Online Program

“What the heck is he doing here?” Impact of race, class and gender on Black men's healthcare seeking behaviors

Tuesday, November 3, 2015 : 2:50 p.m. - 3:10 p.m.

Deeonna Farr, MPH DrPH(c) CHES, Cancer Prevention and Control Program, University of South Carolina, Columbia, SC
Heather Brandt, PhD, CHES, Cancer Prevention and Control Program, University of South Carolina, Columbia, SC
Cheryl Armstead, MS(R), PhD, Department of Psychology, College of Arts and Sciences, University of South Carolina, Columbia, SC
Franklin Berger, PhD, Center for Colon Cancer Research, University of South Carolina, Columbia, SC
Background It is well documented that Black men are one of the groups who are least likely to access healthcare. Few studies explore how Black men perceive the healthcare system and their responses to perceived mistreatment during healthcare encounters. This information can provide important insights regarding how to deliver culturally appropriate care to this population.  Methods Data were collected in the context of a colorectal cancer (CRC) screening program based in a free medical clinic in South Carolina. A series of three semi-structured interviews were conducted with Black patients. Clinical observations, document reviews, and interviews with patient navigators and clinical staff were conducted as part of an ethnographic case study. Data collection is ongoing, affective coding was used to categorize patients experiences. Results Fourteen interviews have been completed with five male navigation patients. Patients had a mean age of 55.4 (SD=2.22) years and over half had a high school education (60%). Men described experiences in which they felt unwelcomed or disrespected during healthcare interactions. These experiences were attributed to racial and class based bias on the part of healthcare providers. In response, some men actively avoided seeking care while others choose to alter their appearance and/or mannerisms to reduce the potential for negative healthcare interactions.  Conclusions Black men in this study described negative healthcare encounters caused distress and/or which discouraged them from seeking healthcare. These issues must be addressed in order to improve health care utilization in this population group.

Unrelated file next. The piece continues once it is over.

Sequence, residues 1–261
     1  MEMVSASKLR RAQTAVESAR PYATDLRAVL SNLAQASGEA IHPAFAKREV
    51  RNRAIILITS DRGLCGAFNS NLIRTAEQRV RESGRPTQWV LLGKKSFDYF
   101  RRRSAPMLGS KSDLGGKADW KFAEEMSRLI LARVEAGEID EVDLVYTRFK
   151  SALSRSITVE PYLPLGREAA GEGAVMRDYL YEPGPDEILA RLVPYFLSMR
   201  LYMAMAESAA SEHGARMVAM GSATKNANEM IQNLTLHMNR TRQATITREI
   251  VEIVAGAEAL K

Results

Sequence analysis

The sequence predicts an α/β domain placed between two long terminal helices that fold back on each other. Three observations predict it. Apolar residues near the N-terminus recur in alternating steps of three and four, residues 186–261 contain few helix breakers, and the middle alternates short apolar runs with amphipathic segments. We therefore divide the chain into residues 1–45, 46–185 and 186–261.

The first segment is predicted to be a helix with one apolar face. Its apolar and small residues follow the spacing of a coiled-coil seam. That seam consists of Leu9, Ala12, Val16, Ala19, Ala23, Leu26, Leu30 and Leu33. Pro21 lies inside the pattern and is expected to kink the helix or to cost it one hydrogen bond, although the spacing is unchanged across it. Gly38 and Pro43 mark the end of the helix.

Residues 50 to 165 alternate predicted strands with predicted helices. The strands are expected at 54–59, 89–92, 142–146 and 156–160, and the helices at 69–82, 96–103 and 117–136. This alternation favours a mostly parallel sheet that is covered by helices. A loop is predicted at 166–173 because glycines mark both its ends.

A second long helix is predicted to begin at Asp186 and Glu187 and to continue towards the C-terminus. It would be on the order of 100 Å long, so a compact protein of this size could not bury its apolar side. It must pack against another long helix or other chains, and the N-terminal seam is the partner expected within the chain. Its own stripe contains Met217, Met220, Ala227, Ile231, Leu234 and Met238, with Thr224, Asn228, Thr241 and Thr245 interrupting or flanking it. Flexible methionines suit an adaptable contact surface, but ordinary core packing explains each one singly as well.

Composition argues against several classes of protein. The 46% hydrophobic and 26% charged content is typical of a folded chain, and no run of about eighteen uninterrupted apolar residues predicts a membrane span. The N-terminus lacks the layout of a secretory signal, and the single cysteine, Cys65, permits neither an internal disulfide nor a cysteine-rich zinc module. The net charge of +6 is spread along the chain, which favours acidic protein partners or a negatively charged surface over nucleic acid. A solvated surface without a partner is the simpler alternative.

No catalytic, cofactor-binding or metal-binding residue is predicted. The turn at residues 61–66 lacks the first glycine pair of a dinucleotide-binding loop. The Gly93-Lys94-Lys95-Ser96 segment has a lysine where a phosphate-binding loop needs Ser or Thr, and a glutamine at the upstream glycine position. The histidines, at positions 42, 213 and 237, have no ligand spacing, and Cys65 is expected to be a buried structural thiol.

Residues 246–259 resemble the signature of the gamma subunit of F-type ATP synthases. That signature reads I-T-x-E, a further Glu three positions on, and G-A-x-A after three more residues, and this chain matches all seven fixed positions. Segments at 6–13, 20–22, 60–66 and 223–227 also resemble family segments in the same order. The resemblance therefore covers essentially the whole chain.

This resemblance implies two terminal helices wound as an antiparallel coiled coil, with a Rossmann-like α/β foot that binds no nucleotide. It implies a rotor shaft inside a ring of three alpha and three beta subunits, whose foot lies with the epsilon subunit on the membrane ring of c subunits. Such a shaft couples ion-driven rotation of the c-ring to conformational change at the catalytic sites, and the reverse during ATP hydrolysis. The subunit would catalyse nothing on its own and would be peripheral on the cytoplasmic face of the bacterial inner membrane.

Learning Areas:

Diversity and culture
Social and behavioral sciences

Learning Objectives:
Describe Black men’s experiences accessing healthcare Describe Black men’s reactions to negative healthcare experiences

Keyword(s): Men’s Health, Underserved Populations

Presenting author's disclosure statement:

Qualified on the content I am responsible for because: I am qualified to present because I designed and conducted the research described above. My research training focuses on the social determinants of cancer disparities in Black communities.
Any relevant financial relationships? No

I agree to comply with the American Public Health Association Conflict of Interest and Commercial Support Guidelines, and to disclose to the participants any off-label or experimental uses of a commercial product or service discussed in my presentation.

Back to: 4352.0: Improving Men’s Health